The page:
I fell into a position at Chicago’s Museum of Science and Industry (MSI) in 1979. I had been teaching chemistry at Antioch College in Ohio, but it went bankrupt (and since recovered). What I enjoyed most about teaching was learning new aspects of science and finding creative ways to help students understand them. Developing exhibits offered a similar challenge for a much larger audience. I ultimately became Vice President for Programs at MSI, then Deputy Director of the California Museum of Science & Industry in L.A., and President of the Kansas City Museum, where I founded Science City at Union Station. That is how the majority of people learn most of what they know. These projects develop rich learning resources for children and adults such as interactive museum exhibitions, television and radio series, after-school programs, the Web, and other approaches. We reach some 150 million people each year in science museums, community centers, giant-screen theaters, outdoor settings, and homes. The greatest impacts are often on attitudes, motivating interest in science and technology.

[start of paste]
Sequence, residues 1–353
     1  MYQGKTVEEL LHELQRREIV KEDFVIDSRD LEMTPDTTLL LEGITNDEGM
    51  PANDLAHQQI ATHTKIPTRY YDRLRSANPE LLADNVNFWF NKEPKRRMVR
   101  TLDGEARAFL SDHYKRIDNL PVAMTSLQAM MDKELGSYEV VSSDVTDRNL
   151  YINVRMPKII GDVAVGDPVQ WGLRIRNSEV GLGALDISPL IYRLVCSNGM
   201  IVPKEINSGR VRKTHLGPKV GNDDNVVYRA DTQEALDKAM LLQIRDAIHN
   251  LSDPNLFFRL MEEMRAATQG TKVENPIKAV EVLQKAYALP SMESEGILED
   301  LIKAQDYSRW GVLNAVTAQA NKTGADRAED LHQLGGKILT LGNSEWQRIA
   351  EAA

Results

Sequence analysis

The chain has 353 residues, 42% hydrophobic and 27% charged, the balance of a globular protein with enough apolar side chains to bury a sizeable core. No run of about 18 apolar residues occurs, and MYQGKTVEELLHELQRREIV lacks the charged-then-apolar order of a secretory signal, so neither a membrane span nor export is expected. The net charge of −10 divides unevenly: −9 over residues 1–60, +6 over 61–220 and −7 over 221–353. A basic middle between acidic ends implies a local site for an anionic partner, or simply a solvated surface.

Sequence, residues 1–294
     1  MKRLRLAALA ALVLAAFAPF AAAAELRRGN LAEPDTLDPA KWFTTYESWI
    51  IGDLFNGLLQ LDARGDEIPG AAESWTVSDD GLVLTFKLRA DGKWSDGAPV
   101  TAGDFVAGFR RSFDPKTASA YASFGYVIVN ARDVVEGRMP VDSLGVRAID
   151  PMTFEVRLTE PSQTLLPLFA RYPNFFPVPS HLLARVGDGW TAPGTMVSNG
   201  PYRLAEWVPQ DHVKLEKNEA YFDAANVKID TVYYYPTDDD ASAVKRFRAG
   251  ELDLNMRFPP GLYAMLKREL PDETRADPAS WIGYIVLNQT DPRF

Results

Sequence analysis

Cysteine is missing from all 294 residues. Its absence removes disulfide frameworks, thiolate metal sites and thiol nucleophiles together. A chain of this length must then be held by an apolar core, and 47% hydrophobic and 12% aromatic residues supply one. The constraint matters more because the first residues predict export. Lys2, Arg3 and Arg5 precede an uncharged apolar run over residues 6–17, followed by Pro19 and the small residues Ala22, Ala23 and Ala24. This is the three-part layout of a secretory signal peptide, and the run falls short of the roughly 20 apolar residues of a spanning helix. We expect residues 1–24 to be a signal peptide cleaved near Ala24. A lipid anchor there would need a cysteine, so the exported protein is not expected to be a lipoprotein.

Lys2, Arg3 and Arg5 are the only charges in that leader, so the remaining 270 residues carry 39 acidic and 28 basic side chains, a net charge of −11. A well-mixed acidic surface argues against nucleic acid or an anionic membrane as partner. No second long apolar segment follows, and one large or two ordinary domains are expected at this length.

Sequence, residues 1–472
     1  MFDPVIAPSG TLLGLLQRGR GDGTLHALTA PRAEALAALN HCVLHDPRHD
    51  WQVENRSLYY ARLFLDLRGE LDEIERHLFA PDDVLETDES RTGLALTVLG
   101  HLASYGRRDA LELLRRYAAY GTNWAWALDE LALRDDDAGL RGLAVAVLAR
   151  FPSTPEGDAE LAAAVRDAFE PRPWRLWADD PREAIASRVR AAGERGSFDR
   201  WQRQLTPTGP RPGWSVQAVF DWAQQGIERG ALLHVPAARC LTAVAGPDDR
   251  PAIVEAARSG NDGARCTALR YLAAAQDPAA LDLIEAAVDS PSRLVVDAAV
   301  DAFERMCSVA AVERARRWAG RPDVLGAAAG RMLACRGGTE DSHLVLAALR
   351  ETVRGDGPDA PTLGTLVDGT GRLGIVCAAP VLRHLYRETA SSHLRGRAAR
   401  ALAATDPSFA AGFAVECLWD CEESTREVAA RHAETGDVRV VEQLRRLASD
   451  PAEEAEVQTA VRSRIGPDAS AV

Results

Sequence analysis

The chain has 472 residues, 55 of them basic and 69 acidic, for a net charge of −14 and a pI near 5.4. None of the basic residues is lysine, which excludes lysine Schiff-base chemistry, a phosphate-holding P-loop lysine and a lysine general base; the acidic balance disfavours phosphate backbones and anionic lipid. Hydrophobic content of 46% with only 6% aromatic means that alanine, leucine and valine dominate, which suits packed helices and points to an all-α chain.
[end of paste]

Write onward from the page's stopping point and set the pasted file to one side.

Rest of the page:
What do you enjoy the most at NSF?
Two things. One is being able to move the field forward. We require all projects to demonstrate innovation and how they will advance the practice or knowledge of informal science education. The other is working with a group of really smart people.

What’s your favorite museum exhibit or program?
It would be like choosing a favorite child. I’d get into lots of trouble picking one!

How does your program relate to formal education?
Although students and teachers are considered secondary audiences for this program, nearly every project includes linkages to K-12 education. For example, most align science, technology, engineering, and mathematics content with national standards and develop complementary resources for classroom use. Many incorporate programs for parents and teachers, too.

“We reach some 150 million
people each year in science museums, community centers, giant-screen theaters, outdoor settings, and homes. The greatest impacts are often on attitudes, motivating interest in science and technology.”